In Uganda the education follows a 7-4-2 system, where the primary school lasts for 7 years, the secondary school for 4 years and the secondary school for 2 years. According to UNESCO, 28.6% of the population over 15 years were illiterate in 2006.
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The official school age is 6 years. Primary school is in principle free and compulsory. Most schools are public, but there are also some mission schools. The authorities have been working on introducing free elementary school since 1997. As a result, participation has increased, and approx. 94% of all six-year-olds started in 2011 in primary school. Check topschoolsintheusa for test centers of ACT, SAT, and GRE as well high schools in the country of Uganda.
Higher education is offered at technical colleges, colleges and universities. About 9% of the population aged 19-23 received higher education in 2011.
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In June, the Liberation Army commander, Charles Okullu Bongomin surrendered to government forces after his detention at Lalak Bomboo in the Kitgum district had been stormed. Museveni subsequently called on the Liberation Army leader, Joseph Kony, to surrender to the government forces in northern Uganda before he himself was attacked by the army. If he did, Museveni personally guaranteed him “fair treatment and immunity in the same way as other commanders of the Liberation Army.” Since its inception in 1986, the Liberation Army has carried out a myriad of abductions. First of all by children used as soldiers or sex slaves. The conflict had driven $ 1.4 million. Ugandans on the run, living in miserable conditions in camps in the north and east of the country.
In a July 2005 referendum, Ugandans voted to return to multi-party rule. In the same year, the President made a change to the Constitution that allowed a President to sit for 3 consecutive terms. With the change, Museveni was able to stand and win the presidential election in February 2006. The election was surrounded by accusations before, during and after. But these were the first multiparty elections since he came to power in 1986. The irregularities and arrest of opposition candidate Kizza Besigye on charges however, treason caused Sweden and the Netherlands to suspend their assistance to Uganda.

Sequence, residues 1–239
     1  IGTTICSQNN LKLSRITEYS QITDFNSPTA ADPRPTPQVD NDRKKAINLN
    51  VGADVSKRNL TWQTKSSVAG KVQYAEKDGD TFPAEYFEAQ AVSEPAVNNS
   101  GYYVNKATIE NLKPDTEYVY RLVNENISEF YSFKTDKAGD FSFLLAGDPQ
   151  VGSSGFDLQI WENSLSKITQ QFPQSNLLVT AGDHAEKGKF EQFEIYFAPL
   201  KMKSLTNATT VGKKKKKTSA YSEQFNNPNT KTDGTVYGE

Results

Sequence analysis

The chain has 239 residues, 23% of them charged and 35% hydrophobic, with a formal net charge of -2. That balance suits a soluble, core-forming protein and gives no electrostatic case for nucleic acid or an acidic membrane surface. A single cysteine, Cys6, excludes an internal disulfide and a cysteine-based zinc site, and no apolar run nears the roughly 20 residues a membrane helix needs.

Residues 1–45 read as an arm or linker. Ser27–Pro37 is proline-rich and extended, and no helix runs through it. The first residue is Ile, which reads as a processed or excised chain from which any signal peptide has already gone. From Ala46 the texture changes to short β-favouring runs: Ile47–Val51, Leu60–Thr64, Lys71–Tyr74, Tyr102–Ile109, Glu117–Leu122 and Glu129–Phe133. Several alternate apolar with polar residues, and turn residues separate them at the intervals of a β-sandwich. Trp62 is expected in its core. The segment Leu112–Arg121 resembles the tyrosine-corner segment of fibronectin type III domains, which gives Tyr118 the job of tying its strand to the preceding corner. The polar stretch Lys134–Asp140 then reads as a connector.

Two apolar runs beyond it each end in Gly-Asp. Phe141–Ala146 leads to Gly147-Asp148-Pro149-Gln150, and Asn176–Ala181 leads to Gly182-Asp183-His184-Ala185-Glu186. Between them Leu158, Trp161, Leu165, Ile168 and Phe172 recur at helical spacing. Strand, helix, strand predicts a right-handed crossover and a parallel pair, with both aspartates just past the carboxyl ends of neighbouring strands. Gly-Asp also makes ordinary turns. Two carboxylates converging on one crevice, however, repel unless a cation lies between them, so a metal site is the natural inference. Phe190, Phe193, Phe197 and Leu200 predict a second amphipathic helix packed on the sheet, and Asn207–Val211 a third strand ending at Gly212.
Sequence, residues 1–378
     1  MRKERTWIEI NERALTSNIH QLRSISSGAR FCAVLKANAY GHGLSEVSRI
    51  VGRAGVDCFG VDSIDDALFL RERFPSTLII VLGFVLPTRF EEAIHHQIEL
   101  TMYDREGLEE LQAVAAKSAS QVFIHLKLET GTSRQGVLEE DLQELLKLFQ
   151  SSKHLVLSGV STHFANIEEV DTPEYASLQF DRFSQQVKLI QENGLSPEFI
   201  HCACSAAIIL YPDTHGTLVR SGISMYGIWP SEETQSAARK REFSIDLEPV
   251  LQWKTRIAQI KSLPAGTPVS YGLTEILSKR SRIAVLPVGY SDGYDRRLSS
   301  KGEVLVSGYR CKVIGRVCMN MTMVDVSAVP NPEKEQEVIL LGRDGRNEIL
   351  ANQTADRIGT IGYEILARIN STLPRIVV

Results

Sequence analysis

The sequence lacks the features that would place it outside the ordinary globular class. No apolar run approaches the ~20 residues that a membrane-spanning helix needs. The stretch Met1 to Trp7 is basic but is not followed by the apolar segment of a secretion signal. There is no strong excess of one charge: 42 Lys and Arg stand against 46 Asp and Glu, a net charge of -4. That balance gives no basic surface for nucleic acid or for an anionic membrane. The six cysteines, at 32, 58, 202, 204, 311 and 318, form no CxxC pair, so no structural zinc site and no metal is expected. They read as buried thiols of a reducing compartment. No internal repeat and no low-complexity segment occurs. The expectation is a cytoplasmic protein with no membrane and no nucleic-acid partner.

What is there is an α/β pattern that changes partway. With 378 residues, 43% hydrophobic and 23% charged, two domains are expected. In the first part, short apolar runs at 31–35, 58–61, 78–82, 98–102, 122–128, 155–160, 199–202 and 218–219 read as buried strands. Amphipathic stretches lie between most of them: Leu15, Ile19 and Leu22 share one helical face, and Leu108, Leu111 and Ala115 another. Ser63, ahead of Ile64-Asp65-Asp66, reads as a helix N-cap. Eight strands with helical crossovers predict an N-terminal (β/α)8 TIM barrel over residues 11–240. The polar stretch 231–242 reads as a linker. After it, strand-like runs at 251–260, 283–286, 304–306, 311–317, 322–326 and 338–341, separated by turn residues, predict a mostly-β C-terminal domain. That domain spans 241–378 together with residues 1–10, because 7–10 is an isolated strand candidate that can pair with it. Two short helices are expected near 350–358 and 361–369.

In March 2006, the World Bank, the IMF and the African Development Bank (ADB) gave the green light that 13 African countries had abandoned their foreign debt – among these Uganda. The remission took effect July 1.
A special tribunal that started its business in early 2007 with the aim of prosecuting war crimes committed by government forces or rebels ran into serious difficulties in July. At the same time as the tribunal issued an arrest warrant for 4 members of the Lord’s Resistance Army, government spokesmen declared that soldiers accused of human rights violations should not be prosecuted, as they had already been before a military court. The LRA declared itself deeply amazed at this move, which was in contravention of the agreements that were concluded ifbm. ceasefire agreement.
In 2007, Uganda sent peacekeeping forces to Somalia as part of the AU’s efforts in the country. This led to protests from Eritrea.
In September 2008, President Baganda’s King, Kabaka Muwenda Mutebi, banned certain parts of Kampala. It triggered riots that cost 40 lives.
In line with several other African countries, Uganda in 2009 tightened the legislation on homosexuals. The pursuit of gay men led to protests from several European countries. Museveni declared that homosexuality is “against the will of God.” The president is believed to be affiliated with the North American fundamentalist Christian sect, The Fellowship, which, along with other North American fundamentalist Christians, is waging an intensive campaign against homosexuality.